Rummanah Aasi

2020 is a year many of us would like to forget. It was a hard year for all of us, but there were a lot great books released this year to help us distract and educate ourselves. Though I have not posted many reviews in 2020, I did read a lot of great books. Here are my favorite books of 2020. As a quick disclaimer, these books may not all be 2020 releases but I did read them in 2020. These books are ranked according to the interest level. 

Favorite Adult Books

I have not read as many adult titles that I would have liked to in 2020 due to the serious content and the ongoing pandemic. I noticed that I read mainly for escapism, especially from the months of March-December, but there were two serious books that I absolutely loved.  

Giovanni's Room by James Baldwin: I read James Baldwin for the first time in the fall of 2019 as part of my library's classic literature book club. I spent the whole day reading and rereading this exquisite book. There is so much to unpack in this book: sexuality, race, masculinity, freedom, privilege, etc. Is it tragic or hopeful? Can it be both? Neither? I don’t know, but I will be thinking about this book for a long time.

My Dark Vanessa by Kate Elizabeth Russell:  My Dark Vanessa was by far the hardest book I read this year. The book highlights the complexities of the #MeToo movement. I had so many emotions swirling in me after finishing this book. It is hard to say “I enjoyed” this book because of its content but it has given me a lot to think about and I need to find someone to discuss it. You definitely have to be in the right head space to read this one, but definitely do pick it up. *Review coming soon.

Favorite Children Books

I read quite a few good children/middle grade reads this year, but two books stood out to me this year.

The Prettiest
by Brigit Young: The Prettiest by Brigit Young brings the #MeToo movement to middle school in an accessible, inclusive, and ultimately empowering story about fighting against toxic masculinity and sexual harassment.

Three Keys by Kelly Yang: A wonderful companion novel to Yang's debut middle grade novel that covers racism, immigration, privilege, and xenophobia. *Review coming soon

Favorite YA Books

Young Adult books dominate my reading pile. I had a hard time keeping up with all the new releases for 2020. I read a lot of memorable books so it was very hard to narrow down this category.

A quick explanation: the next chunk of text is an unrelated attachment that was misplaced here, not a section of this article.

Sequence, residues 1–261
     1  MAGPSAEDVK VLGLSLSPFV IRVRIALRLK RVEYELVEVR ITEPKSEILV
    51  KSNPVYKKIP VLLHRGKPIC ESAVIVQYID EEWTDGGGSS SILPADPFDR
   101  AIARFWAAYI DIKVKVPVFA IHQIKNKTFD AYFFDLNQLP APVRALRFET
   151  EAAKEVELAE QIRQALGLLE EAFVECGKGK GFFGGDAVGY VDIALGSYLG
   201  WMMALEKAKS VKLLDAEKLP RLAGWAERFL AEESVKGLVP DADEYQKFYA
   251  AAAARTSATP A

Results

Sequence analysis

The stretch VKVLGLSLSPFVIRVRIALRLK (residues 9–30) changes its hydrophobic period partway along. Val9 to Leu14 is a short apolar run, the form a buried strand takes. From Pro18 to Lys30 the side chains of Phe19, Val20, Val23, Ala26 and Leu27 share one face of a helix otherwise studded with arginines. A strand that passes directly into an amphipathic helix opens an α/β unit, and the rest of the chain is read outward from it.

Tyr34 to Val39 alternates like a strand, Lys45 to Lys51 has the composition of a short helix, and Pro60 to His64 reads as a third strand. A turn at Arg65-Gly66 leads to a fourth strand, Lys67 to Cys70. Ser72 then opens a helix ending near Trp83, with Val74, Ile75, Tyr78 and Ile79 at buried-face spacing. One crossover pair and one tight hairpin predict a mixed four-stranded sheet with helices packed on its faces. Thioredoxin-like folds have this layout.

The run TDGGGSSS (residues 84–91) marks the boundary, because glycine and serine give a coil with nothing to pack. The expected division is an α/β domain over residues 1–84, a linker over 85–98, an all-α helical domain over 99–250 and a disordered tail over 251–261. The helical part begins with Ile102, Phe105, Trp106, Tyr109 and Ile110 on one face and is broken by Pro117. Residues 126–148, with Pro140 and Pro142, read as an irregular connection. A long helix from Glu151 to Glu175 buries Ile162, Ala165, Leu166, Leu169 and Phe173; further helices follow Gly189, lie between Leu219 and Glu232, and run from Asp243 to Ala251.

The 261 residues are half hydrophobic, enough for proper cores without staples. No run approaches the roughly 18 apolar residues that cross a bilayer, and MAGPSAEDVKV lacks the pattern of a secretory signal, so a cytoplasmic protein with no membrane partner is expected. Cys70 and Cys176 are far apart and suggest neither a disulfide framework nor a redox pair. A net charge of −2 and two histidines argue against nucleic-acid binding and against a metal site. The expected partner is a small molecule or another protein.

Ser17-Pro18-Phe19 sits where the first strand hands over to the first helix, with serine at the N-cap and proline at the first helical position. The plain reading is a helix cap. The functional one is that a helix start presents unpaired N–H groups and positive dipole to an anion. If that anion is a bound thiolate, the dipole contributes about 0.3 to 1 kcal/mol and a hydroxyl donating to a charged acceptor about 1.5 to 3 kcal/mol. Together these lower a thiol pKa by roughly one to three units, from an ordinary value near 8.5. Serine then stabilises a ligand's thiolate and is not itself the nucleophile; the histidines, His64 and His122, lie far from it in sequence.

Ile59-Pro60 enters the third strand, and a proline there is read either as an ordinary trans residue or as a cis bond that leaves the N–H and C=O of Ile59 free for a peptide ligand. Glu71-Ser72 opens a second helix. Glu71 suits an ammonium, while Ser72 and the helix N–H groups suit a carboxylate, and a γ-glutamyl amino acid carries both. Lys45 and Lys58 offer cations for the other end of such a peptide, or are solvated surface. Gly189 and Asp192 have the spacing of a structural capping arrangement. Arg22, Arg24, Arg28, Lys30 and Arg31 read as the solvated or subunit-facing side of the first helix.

Clap When You Land
by Elizabeth Acevedo: My favorite Elizabeth Acevedo novel to date. This is a beautifully written story about sisters, family secrets, toxic masculinity, and grief among other things. 

Last True Poets of the Sea by Julia Drake: The Last True Poets of the Sea is a character driven novel that is loosely inspired by Shakespeare's gender bending comedy play Twelfth Night and invokes so many emotions about family, friendship, and mental health.

Parachutes by Kelly Yang: Parachutes is an insightful look at privilege, power, race, identity, and class.
*Review coming soon

Stamped: Racism, Antiracism, and You by Jason Reynolds and Ibram X. Kendi: A young adult adaptation of Dr. Kendi's award winning novel Stamped from the Beginning, which traces the history of racism and the many political, literary, and philosophical narratives that have been used to justify slavery, oppression, and genocide.  *Review coming soon

This is My America by Kim Johnson: Weaving together gripping murder mysteries and a heartfelt narrative about a girl trying to save her family, Johnson explores the systemic, generational effects of police brutality, mass incarceration, and racism on the Black community.

This is My Brain in Love by I.W. Gregerio: A great discussion of mental health and the stigma of mental health particularly in communities of color. *Review coming soon

Favorite Graphic Novels/Manga

I read several fantastic graphic novels in 2020. This was another category that was hard to narrow down.

Check, Please! Book 2: Sticks and Scones
by Ngozi Ukazu: A great conclusion to a graphic novel series that will warm your heart. 

Heartstopper Volumes 1 and 2 by Alice Oseman: Two teens sorting out their identities and falling in love.

When Stars are Scattered by Victoria Jamieson and Omar Mohamed: The best graphic memoirs that I have read thus far this year. 

Honorable Mentions

The following books are the ones that left a lasting impression on me that I would also highly recommend reading:

All You Can Ever Know by Nicole Chung
Amazons, Abolitionists, and Activists by Mikki Kendall
American as Paneer Pie by Supriya Kelkar
Black Brother, Black Brother by Jewell Parker Rhodes
Burn by Patrick Ness
Cosmoknights Vol 1 by Hannah Templer
Darius the Great Deserves Better by Adib Khorram
Dragon Hoops by Gene Luen Yang
Felix Ever After by Kacen Callender
Fence Vols 1-4 by C.S. Pacat
Foul is Fair by Hannah Capin
Grown by Tiffany D. Jackson
Just Mercy by Bryan Stevenson
Land of the Cranes by Aida Salazar
Laura Dean Keeps Breaking Up with Me by Mariko Tamaki
The Pretty One by Keah Brown
Punching the Air by Yusef Salaam and Ibi Zoboi
The Raybearer by Jordan Ifueko
Sigh, Gone by Phuc Tran
Superman Smashes the Klan by Gene Luen Yang
Tell Me Who You Are by Winona Guo and Priya Vulchi
This Book is Anti-Racist by Tiffany Jewel
Tweet Cute by Emma Lord
A Song of Wraiths and Ruin by Roseanne A. Brown
When They Call You a Terrorist (YA Edition) by Patrisse Khan-Cullors and Asha Bandele
1 Response
  1. Looks like a good reading year despite the pandemic! I have a number of these books on my TBR list for 2021.

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